Only two DV thugs fitted with GPS devices on GC

ONLY two violent wife beaters have been fitted with GPS trackers on the Gold Coast despite police compiling a "long list" of thugs capable of killing their former partners.

The waiting list for devices is at least a week long, offenders are not being monitored full-time and the government is accused of either not wanting to fund the ankle bracelets or being embarrassed if they fail to work.

Rapist Robert John Fardon will not be monitored.
Rapist Robert John Fardon will not be monitored.

Police and community workers say at least a dozen women are running scared on the Gold Coast because predators out of jail are not being tracked.

Of the two men fitted with trackers, one removed the device and was hunted down by officers, an emergency service source said.

Police Minister Mark Ryan did not believe it was an issue, however, saying:

"With two of nine GPS trackers currently in place across the state the Gold Coast has more than its fair share with over 20 per cent."

Di McLeod, the director of Gold Coast Centre Aganist Sexual Violence. Photo by Richard Gosling
Di McLeod, the director of Gold Coast Centre Aganist Sexual Violence. Photo by Richard Gosling

The Gold Coast Bulletin has learned of the bracelet breakdown in the wake of the State Government's failed bid to have serial rapist Robert John Fardon's supervision order extended after it expires in October.

On release, Fardon will no longer be monitored by authorities or checked by a psychologist as he moves anywhere he likes without support or counselling.

Attorney-General Yvette D'Ath said she was awaiting advice on the strength of the Government appealing the Supreme Court's decision not to extend the supervision order.

DV rally and memorial service for murdered Worongary mother Kym Cobby. Ros Bates MP attended. Picture: Jerad Williams
DV rally and memorial service for murdered Worongary mother Kym Cobby. Ros Bates MP attended. Picture: Jerad Williams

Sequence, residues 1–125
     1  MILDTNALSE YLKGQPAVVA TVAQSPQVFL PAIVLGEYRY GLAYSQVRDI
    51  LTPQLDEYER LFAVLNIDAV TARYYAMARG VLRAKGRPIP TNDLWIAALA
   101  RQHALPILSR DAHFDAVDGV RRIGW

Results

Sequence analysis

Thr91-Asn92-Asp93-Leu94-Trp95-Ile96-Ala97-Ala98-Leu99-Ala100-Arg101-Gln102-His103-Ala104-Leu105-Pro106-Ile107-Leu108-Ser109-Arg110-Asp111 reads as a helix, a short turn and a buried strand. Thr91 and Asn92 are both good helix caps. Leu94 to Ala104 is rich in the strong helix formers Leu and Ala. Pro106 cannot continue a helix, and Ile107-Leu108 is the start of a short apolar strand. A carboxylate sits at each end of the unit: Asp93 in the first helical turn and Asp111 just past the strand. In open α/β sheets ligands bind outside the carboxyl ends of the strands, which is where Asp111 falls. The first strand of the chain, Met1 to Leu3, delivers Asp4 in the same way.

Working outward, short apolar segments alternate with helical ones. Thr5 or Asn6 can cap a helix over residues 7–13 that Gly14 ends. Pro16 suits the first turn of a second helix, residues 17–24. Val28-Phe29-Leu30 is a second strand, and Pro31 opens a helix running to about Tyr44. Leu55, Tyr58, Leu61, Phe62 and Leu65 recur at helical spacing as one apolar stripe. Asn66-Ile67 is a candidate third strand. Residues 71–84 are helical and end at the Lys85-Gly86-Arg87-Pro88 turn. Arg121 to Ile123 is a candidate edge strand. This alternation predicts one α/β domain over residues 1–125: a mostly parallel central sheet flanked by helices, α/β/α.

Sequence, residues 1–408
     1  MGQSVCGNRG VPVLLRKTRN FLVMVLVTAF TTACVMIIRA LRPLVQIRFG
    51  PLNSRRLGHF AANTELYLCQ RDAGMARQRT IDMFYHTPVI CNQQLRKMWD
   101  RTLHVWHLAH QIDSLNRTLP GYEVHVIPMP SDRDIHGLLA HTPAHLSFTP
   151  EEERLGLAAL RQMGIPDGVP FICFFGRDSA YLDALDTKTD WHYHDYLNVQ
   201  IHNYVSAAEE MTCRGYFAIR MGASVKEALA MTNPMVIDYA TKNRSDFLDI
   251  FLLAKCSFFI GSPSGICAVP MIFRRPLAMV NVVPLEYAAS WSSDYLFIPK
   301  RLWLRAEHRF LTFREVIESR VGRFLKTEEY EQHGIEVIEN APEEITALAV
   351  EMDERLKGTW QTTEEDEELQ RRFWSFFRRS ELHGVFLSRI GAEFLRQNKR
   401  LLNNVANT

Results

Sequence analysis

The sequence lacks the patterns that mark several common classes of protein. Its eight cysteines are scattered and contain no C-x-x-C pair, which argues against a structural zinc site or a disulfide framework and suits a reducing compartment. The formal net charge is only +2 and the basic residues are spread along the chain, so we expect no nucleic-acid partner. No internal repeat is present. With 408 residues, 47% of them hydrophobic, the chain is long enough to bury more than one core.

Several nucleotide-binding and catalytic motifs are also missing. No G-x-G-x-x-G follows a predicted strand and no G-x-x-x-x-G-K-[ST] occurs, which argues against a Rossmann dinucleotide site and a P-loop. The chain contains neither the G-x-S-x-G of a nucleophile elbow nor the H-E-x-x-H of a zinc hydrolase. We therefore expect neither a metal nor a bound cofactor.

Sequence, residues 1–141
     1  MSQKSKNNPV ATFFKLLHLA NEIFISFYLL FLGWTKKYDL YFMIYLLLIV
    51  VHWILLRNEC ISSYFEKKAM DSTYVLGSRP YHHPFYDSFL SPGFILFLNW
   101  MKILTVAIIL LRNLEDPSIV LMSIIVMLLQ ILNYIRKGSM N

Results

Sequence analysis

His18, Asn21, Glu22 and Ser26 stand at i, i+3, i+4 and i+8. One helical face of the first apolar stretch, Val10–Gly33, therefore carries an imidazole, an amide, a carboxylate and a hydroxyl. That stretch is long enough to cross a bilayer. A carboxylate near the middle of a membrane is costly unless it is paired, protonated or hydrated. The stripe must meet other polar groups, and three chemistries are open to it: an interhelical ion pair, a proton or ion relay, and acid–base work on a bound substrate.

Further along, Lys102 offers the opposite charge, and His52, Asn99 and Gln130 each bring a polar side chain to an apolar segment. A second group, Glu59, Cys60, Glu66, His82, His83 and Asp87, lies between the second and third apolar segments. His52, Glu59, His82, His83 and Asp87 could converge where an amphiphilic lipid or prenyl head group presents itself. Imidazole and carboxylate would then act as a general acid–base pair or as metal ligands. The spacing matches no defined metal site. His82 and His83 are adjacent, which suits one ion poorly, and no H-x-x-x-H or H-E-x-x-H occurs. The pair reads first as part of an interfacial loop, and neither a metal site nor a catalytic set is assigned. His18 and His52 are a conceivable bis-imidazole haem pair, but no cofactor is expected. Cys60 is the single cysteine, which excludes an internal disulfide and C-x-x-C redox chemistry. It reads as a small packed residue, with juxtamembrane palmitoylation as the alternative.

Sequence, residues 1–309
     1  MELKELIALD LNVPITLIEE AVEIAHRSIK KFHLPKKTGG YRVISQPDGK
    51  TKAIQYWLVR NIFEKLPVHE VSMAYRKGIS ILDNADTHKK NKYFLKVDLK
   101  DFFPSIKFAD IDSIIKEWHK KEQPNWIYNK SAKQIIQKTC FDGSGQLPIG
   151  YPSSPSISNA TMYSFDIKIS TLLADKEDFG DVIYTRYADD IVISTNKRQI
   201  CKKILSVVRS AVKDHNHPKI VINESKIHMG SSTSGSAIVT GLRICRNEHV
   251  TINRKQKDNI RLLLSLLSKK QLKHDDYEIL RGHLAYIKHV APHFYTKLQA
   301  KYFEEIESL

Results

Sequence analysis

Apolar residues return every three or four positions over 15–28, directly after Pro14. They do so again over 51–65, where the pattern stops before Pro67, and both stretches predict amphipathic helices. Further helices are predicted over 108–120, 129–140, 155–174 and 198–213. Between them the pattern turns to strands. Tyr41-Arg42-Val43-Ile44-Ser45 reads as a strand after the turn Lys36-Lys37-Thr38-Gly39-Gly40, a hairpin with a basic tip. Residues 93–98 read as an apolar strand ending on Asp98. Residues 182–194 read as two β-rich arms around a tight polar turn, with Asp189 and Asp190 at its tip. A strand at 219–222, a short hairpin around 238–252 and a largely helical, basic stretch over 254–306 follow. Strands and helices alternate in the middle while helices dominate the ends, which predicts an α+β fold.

Gold Coast Centre Against Sexual Violence director Di McLeod said health workers were concerned about the lack of supply of trackers.

"What happens when someone is bailed with a condition of a GPS tracker and you can't get a tracker down here? That hardware needs to be here right now."

However, an emergency services source said: "There's a lot of cost involved. There's the monitoring issue. And then it's a political embarrassment if the offenders commit a crime while on parole."

Police have previously said there is a "long list" of "lethal" offenders they fear could kill their partners.

Opposition health spokesperson Ros Bates, who wants Fardon monitored, said the Government needed to protect vulnerable women and children.

A domestic violence crime scene at Pimpama. Pic Jono Searle.
A domestic violence crime scene at Pimpama. Pic Jono Searle.

"If it takes a week to get a GPS tracker down here from Brisbane, then high-risk offenders need to be locked up so they can be monitored," she said.

"A week of hell would feel like a lifetime for these poor women. If these perpetrators are considered such high risk that they need GPS tracking, why aren't they kept in jail until the tracker is fitted."

The groundbreaking DV reforms passed in 2017. They included the trackers and a DV alert system which enabled victims to be warned when their perpetrators get out of jail. Offenders had to prove they were reformed before being released from jail.

Queensland Minister for Police and Minister for Corrective Services Mark Ryan accused Ms Bates of making claims based on false premises, false conclusions, faulty logic and selective use of memory. (AAP Image/Dave Hunt)
Queensland Minister for Police and Minister for Corrective Services Mark Ryan accused Ms Bates of making claims based on false premises, false conclusions, faulty logic and selective use of memory. (AAP Image/Dave Hunt)

Mr Ryan accused Ms Bates of making claims based on false premises, false conclusions, faulty logic and selective use of memory.

"Here are the facts. First up the number of people ordered to wear GPS trackers is a matter solely for the courts, not the police," Mr Ryan said.

"Ros Bates voted in Parliament in favour of an amendment to that effect. Further, when a court decides whether or not to grant bail consideration of a GPS tracker is not a factor.

"It is only after a decision to grant bail has been made that consideration of a GPS tracker comes into play."

Mr Ryan said the GPS trial being conducted simply adds another layer of monitoring.

The claim that GPS trackers don't seem to be available on the Gold Coast is untrue.

"Once a court orders a person on bail is to be fitted with a GPS tracker the individual must report to a designated police station within seven days to have the device fitted," he said.

"This was the process set in place at the very beginning of this trial. If critics of the trial like Ros want to play silly numbers games think about this.

"With two of nine GPS trackers currently in place across the state the Gold Coast has more than its fair share with over 20 per cent.

"If the claim is that nine court ordered GPS trackers is too few, well that's a matter for the courts. The Queensland Police Service has the trackers ready and waiting."

At the recent Estimates hearing, Mr Ryan talked up the trackers, saying they were "tamperproof" and 750 offenders had been fitted with the devices first introduced in February last year.